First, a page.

The Board disagrees with this conclusion. First, the statement that "at least" the condition 2(b) is not satisfied, suggests that, apart from 2(b), other conditions among those mentioned in the Headnote might also not be satisfied. No reasons are, however, given in this respect. Moreover, the Examining Division's conclusion is based on the view that the feature in suit "does not contribute to achieving the technical aim of the present invention such as it is mentioned on page 6, lines 22 to 25 of the original description", which view does not appear to be based on a correct interpretation of the condition 2(b). In fact, according to the Headnote, the condition 2(b) concerns features which "contribute to achieving the technical aim of the invention and are thus comprised in the solution of the technical problem underlying the invention which is the subject of the application"; the same wording can be found in the reasons of T 689/90, No. 2.2(b). The problem is not said to be that defined in the original application. On the contrary, if one considers the problem as reformulated on page 6 filed at the oral proceedings, it is clear that the feature of mutual inductive coupling contributes to achieving a reduction of the power consumption of the portable tag, as it allows self-powering of the tag (see the original page 13, lines 2 to 6, second alternative, as well as No. 5.1 below). Hence, the condition 2(b) is indeed satisfied.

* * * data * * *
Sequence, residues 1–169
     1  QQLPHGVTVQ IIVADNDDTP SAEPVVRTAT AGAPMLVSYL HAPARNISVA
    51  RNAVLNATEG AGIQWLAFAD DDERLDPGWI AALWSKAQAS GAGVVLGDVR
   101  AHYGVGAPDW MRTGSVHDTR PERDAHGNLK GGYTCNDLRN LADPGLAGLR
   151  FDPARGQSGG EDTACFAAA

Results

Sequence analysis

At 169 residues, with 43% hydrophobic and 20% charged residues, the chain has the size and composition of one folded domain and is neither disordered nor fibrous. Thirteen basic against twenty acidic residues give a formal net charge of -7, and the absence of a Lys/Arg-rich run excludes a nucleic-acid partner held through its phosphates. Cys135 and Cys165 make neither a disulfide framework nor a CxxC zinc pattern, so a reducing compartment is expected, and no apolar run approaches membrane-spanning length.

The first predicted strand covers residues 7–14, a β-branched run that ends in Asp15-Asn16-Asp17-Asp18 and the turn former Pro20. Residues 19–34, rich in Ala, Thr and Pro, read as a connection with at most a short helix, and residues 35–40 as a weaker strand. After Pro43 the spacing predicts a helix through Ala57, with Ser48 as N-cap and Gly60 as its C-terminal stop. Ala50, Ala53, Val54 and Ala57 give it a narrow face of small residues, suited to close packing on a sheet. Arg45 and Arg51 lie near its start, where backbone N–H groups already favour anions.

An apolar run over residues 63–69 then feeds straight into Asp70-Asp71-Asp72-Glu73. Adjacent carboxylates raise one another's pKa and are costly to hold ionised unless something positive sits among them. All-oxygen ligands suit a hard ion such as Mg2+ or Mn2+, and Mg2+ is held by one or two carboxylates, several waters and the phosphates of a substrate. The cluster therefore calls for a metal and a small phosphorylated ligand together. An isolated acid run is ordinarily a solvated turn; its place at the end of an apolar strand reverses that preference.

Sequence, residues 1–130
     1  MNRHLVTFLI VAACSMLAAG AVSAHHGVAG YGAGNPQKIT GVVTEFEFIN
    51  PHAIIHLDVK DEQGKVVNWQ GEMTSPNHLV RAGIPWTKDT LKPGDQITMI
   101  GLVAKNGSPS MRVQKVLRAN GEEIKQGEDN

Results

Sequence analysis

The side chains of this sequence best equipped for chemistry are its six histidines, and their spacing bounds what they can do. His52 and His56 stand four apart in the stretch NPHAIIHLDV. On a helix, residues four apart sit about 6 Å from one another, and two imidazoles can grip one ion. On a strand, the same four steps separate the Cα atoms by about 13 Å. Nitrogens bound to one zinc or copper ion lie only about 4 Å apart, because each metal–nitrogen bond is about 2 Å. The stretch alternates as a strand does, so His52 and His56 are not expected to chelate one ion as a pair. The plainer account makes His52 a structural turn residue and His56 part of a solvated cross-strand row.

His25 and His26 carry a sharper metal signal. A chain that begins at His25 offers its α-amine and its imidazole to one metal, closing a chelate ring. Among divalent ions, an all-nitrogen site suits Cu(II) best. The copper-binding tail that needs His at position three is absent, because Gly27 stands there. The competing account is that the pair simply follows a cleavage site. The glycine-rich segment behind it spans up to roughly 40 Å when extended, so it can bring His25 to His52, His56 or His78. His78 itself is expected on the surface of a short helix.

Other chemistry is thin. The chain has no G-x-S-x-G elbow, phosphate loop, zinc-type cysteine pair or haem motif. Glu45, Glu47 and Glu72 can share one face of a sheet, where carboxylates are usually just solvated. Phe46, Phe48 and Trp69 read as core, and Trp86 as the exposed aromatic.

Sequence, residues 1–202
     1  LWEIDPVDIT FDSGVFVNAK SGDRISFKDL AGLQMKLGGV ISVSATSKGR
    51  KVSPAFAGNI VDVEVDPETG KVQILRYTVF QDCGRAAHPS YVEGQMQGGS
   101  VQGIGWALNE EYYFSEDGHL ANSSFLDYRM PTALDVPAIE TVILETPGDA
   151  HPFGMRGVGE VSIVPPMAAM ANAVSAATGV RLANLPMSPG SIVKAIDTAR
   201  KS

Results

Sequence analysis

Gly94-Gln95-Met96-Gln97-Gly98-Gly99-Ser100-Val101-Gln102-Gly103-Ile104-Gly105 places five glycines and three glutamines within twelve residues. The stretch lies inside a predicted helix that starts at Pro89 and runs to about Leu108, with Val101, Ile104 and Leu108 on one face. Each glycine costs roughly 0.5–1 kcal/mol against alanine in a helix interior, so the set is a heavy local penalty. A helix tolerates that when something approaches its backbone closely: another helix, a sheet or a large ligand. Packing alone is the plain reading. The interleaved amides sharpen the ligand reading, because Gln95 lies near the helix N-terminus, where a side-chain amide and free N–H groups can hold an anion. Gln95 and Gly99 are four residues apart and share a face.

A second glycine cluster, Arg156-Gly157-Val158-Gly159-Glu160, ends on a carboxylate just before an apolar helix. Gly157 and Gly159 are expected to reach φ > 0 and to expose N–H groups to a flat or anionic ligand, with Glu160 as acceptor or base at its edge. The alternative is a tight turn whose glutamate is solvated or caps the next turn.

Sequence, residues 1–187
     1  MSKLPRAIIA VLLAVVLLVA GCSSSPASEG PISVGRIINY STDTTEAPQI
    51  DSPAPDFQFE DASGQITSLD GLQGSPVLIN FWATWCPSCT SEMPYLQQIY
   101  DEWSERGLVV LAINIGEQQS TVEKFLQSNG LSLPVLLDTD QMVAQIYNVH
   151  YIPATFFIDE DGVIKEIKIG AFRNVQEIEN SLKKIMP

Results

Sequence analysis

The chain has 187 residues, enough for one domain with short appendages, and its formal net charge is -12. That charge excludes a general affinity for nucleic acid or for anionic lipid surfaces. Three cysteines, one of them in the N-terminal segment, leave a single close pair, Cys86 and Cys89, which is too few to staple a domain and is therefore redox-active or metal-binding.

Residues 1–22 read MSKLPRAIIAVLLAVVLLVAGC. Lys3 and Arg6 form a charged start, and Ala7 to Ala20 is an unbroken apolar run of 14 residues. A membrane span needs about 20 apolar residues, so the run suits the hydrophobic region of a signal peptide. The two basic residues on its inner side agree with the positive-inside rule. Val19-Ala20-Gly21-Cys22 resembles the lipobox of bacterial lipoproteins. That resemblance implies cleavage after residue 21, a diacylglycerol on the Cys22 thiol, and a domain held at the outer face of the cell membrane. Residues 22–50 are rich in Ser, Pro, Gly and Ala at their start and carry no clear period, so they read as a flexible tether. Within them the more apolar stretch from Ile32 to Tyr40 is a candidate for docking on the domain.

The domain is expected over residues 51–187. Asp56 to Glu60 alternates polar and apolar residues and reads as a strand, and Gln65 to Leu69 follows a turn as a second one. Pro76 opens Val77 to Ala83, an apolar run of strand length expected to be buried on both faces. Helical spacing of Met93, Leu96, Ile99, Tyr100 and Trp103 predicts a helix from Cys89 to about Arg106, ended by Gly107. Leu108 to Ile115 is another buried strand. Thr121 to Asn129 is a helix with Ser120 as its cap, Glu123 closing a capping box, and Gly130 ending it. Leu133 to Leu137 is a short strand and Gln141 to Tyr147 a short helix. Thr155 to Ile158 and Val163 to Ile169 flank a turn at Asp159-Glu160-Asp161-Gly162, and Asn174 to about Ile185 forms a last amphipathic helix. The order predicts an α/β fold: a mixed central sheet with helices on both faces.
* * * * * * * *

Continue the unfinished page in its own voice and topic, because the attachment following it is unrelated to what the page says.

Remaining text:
2.3. Further amendments
Further amendments to the claims and the description are of minor import and do not require a detailed discussion. They are intended to clarify the claims, to bring the description into conformity with the new claims, and to acknowledge D1 according to Rule 27(1)(b) EPC. In the Board's judgment, all these amendments are admissible.
2.4. Therefore, all amendments are admissible under Article 123(2) EPC.
The Board is satisfied that the claims are clear to the skilled person.
4.1. Claim 1
4.1.1. Document D1, which is considered to represent the most relevant state of the art, discloses a system for monitoring a plurality of parked vehicles. According to Figure 1 (see also page 2, line 31, to page 3, line 18), the system comprises a portable parking tag 1, 2, 3 to be placed in each of the vehicles and a reading device 20.
The parking tag includes (see page 3, line 19, to page 6, line 45, and Figure 2):
- a parking tag memory 41 for storing parking parameters such as a parking tariff and a parking credit,
- a non-contact data communications circuit 38 for effecting data transfer by means of mutual coupling with the reading device,